To the Editor.—I read with interest the article by Vernava et al1 in the May 1987 issue of the Archives. This work corresponds nicely to a similar prospective study that was published by my colleagues and me2 that showed, in a series of 100 consecutive patients undergoing elective biliary tract surgery, that 5.5% of patients undergoing elective cholecystectomy had postoperative elevated serum amylase levels. Additionally, in our series, 14.2% of the patients who had common duct explorations developed postoperative hyperamylasemia. We made a concerted effort to look for postoperative hyperamylasemia, and all patients who underwent upper abdominal surgery had daily amylase levels measured postoperatively. It is unclear from Vernava and colleagues' article whether serum amylase levels were assessed on a routine basis or whether amylase levels were drawn on only symptomatic patients. The study would be far more beneficial if the results were for patients who had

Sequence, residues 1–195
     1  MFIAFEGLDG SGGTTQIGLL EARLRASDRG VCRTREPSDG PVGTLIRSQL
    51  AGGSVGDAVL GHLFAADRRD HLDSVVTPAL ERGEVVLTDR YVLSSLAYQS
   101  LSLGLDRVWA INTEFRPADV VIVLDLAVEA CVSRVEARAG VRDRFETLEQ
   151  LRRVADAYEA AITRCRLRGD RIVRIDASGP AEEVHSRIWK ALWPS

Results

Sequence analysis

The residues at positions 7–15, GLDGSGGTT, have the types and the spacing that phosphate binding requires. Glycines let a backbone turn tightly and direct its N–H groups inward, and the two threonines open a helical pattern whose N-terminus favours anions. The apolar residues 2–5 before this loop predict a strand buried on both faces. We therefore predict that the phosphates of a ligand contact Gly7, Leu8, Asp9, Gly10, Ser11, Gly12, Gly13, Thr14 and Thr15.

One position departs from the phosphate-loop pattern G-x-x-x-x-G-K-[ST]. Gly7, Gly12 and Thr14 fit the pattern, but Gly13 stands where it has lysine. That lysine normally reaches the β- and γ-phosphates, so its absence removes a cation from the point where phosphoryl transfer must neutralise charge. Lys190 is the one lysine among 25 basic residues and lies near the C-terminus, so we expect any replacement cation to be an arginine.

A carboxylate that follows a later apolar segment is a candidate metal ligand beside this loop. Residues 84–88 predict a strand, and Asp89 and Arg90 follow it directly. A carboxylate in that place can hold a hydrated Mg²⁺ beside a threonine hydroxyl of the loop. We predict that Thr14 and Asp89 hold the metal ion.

MILLER SF. Pancreatitis After Biliary Surgery. Arch Surg. 1988;123(2):258. doi:10.1001/archsurg.1988.01400260146020
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